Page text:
Ok, so you go to snip a 1/35 th grab handle (yeah yeah, I am not a pro, only a wannabe, and I use brass rod only if the plastic part looks too thick, or breaks in half when I go to cut it off..) and it decides to fly off into the shag carpet (yeah yeah, I got shag..) to be lost forever. Or worse, you snip some thin part and it leaves a chunk missing off the edge. Also of concern is when the part detaches and there is a nasty "pock" mark to fill in with putty. For this test I elected to find a small part, with a thick attachment point to demonstrate the quality of the Tamiya cutters. I recently reviewed the AFV Club M3A3 and its still on my workbench awaiting the tiny/fiddly bits. (Great Test Subject - Ed. Gunnie) I found a medium sized grab handle that is rather firmly attached to the sprue. Note in the picture that the sprue shrinks down to a flat, but ultra wide, attachment point on the top of the handle (part no 8, just in front of the nose of the cutters). In the past, I would get out the chisel blade and try and line up the blade with the handle in parallel and slice off the handle. Most of the time it works. If not, then the ole brass rod and the evil CA gets used (note to self: itch my eyes and/or gentials BEFORE opening the bottle of CA glue as the nurse at the hospital must think very lowly of me by now...) . So how well did the Cutter perform when removing the ubiquitous grab handle all armor modelers face? Read on to the next section to see if it twisted, contorted, broke or was just plain effortlessly removed in an almost perfect slice...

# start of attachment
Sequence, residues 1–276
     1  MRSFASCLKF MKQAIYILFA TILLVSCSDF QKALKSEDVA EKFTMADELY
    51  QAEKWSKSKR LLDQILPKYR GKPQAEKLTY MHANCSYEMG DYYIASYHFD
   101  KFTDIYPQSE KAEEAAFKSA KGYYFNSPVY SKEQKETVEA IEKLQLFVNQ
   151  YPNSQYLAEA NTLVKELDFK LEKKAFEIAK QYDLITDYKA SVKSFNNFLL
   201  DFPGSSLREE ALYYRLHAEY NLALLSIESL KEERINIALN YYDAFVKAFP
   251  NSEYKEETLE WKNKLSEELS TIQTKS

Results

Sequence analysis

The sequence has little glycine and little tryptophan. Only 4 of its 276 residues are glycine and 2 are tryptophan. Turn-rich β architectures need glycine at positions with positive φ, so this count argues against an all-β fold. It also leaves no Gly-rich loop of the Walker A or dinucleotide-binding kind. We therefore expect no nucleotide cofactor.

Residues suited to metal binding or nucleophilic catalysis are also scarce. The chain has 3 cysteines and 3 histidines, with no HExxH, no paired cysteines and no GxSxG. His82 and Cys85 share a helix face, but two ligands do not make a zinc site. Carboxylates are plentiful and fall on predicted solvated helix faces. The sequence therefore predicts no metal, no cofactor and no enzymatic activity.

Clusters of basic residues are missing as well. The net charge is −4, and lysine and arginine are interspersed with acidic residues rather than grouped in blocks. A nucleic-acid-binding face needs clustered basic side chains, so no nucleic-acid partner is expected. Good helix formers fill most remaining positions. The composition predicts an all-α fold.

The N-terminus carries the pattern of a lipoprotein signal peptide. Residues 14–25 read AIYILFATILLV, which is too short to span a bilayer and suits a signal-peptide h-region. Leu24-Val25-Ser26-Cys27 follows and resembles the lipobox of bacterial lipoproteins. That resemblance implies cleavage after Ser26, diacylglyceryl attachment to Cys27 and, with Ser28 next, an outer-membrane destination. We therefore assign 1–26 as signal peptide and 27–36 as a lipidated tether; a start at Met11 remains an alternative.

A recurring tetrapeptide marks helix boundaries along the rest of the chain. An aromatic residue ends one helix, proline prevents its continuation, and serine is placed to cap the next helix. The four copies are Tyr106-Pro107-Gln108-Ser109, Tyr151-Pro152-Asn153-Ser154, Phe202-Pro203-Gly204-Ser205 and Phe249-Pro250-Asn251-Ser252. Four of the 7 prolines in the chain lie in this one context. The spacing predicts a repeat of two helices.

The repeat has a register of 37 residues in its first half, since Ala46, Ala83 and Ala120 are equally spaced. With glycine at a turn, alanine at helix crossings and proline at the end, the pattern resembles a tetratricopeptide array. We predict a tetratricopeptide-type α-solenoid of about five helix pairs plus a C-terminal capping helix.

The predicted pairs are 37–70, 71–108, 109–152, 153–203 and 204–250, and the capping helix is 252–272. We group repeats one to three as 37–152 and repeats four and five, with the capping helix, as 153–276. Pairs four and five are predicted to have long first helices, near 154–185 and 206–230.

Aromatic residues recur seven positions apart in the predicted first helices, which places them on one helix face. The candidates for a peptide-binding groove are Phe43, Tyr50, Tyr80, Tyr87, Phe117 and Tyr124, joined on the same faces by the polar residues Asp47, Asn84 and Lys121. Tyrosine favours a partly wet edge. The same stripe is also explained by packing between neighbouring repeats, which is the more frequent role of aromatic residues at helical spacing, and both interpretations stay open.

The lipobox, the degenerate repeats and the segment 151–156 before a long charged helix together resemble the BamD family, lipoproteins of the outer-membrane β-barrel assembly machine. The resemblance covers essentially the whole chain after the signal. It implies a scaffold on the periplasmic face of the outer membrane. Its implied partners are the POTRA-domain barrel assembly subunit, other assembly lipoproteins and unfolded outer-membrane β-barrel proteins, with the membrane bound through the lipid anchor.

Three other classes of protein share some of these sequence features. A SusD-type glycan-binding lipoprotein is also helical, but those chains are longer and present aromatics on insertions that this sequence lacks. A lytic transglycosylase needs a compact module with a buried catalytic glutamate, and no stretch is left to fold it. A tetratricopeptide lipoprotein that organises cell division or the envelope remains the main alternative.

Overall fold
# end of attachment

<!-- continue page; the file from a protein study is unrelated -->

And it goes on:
You don't really think it broke?